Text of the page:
How to get rid of old buildings – Storbygga i Selbu

I live in a community were old buildings don’t have much value. Sooner or later they will be teared down. Or, they are left to fall apart, and then the rest is removed. That is often the story, and that seems to be the case with this building. It may not look like much. But it is many centuries old, and was originally made for the copper mining industri in this village. Later it was moved to the place were it is now, as an warehouse by a big lake (the lake was used for transportation those days) for the very important millstone industry. For centuries the millstones from this small community provided that people all over Norway got flour for making bread.

The picture above is from 2006. Last winter the roof started to fall down. The process of getting rid of this building has started. There are more photos of old, norwegian buildings in my photo gallery.


31 thoughts on “How to get rid of old buildings – Storbygga i Selbu

  1. I hope you change it, I like the traditional, these buildings are also a gift of time and always have vibrations that travel from the past. Congratulations on the attached photos, very good …


  2. Things like this are a constant reminder that nothing lasts forever. Poor maintenance is usually the cause of this kind of decay, but no one wants to invest in them. Sad.


  3. Some of the houses / buildings in your photo collection looks nice
    and they could be utilized with little repair.

    Quite few of my friends, found old farm house in France and they are
    driving down every weekend for DIY work. —– of cause, they are just
    over the Euro-tonnel, Norway is a bit far though, there must be a way.


  4. Although it is many centuries old and can of course not be preserved for ever, I still feel a bit sad when I see this kind of thing. It happens here too you know. But we have “Open Air Museums” with a collection of re-erected old buildings in settings of re-created landscapes of the past. I’m sure your country has some too.


  5. You give wonderful information with your pictures that teaches more than one view of life. I learn the most interesting things from you.




  6. So heartbreaking to see this. I learned while in Wales of a National History Museum, an open-air museum to which buildings in danger of destruction elsewhere in Wales have been brought and reconstructed onsite. It’s quite an amazing project. Of course, I would rather old buildings were cherished right where they are, as this one you show. Why are we always in such a rush to let history go? Such a shame.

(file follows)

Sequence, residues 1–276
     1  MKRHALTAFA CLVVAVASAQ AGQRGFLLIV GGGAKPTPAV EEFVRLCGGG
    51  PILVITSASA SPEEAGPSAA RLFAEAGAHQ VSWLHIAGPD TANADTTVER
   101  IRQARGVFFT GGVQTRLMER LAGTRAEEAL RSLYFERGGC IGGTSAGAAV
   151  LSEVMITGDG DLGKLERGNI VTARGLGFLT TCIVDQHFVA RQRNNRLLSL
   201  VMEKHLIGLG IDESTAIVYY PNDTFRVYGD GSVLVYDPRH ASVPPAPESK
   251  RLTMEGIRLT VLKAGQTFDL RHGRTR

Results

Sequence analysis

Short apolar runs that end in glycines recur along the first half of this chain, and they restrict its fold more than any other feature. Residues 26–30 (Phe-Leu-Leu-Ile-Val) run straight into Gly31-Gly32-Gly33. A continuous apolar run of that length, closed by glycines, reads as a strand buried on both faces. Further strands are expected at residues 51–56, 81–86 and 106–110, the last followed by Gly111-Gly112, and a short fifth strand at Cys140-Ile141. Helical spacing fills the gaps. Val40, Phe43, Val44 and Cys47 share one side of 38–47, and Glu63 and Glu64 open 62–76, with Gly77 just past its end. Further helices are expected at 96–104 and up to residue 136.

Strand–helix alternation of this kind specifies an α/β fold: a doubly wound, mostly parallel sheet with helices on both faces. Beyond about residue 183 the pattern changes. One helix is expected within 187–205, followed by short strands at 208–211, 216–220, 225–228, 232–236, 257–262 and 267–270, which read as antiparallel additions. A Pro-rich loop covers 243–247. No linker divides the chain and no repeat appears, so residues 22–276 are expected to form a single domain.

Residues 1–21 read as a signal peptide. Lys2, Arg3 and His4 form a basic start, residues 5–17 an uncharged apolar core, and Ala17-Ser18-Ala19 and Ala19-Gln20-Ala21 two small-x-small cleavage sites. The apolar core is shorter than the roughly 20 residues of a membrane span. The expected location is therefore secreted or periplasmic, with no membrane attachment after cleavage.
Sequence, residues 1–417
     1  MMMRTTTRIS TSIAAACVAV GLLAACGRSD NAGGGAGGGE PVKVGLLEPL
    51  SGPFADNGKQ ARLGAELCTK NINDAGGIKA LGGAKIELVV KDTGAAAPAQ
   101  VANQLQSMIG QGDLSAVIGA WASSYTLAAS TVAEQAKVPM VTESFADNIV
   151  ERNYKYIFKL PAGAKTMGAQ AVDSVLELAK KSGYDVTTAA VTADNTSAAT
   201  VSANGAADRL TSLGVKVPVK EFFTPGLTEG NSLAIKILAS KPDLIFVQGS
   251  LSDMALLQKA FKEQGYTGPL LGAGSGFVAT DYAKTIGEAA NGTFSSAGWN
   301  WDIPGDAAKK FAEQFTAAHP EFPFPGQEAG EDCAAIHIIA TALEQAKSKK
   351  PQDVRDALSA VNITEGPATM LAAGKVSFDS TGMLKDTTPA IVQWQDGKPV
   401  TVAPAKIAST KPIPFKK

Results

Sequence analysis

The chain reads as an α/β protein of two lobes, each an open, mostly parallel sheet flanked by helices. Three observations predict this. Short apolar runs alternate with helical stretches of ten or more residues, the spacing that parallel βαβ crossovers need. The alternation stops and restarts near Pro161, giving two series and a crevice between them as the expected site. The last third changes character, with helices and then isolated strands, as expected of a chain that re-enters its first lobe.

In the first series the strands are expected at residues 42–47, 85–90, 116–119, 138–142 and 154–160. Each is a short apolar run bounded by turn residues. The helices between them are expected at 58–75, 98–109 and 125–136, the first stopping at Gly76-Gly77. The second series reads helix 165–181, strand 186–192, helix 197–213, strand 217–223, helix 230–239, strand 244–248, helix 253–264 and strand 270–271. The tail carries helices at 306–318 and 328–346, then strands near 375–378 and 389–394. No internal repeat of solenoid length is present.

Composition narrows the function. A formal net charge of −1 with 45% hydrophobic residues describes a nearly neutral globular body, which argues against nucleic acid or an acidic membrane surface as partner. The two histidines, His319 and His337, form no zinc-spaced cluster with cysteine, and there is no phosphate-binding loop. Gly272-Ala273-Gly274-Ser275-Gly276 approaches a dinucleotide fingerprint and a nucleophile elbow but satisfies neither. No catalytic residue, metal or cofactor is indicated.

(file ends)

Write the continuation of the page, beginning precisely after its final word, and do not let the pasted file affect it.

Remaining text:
7. Agree with your setiments. It is always a hard call as to what to save and what to tear down….and often the wrong choice is made. Old buildings are a bit like old people – it is painful to watch them decline and die!


  8. It looks colourful in the green countryside, even more so during winter: a touch of colour to warm up the heart. Plus, there is a joyful rhythm to it, thanks to the small openings and the vertical wall beams.
    That neglect is very sad…


  9. I can’t imagine letting a house just rot through time here in Hawaii. Property is so valuable and there are so many homeless that they would move right in until contractors came to put up another structure (which would not be that long)

    I love the colors of the buildings as they age.


  10. I guess not everything can last forever, so it’s good that we are able to chronicle what will soon fade away. That is the joy and the sadness of photography. Nice photos, Bente.


  11. Such a pity to let those beautiful buildings expire. But it is as most everywhere. To build new is cheaper than to renovate. Now I’ll check you gallery of old buildings. 😉


  12. This is sad of course… The winter, I know very hard in there but these old house are so nice, as in so many places old houses and buildings are not very popular… and people instead of renovate, they buy new one… Actually you know me, I love these old buildings/houses. Thank you dear Bente, have a nice day, love, nia


  13. Perhaps it’s the archaeologist in me, but when I see old buildings abandoned and torn down, I wanna wave my hands and shout “Stop!” These structures cannot be remade – the techniques, the materials, the needs, have all changed. They should be maintained, restored and reused, the way it happened for centuries. It is profligate waste of both history and resources to tear down a perfectly serviceable building. It makes me angry that people care so little about things that cannot be replaced.


  14. its disheartening to see something so old and beautiful to give away… but the change is forever and continues. I cannot even recall how my place used to be couple of years back. I used to take my dog for roaming on a small road near my house. now that road is full fledged six lane highway. I still cannot believe from where they pulled out so much space out of nowhere!


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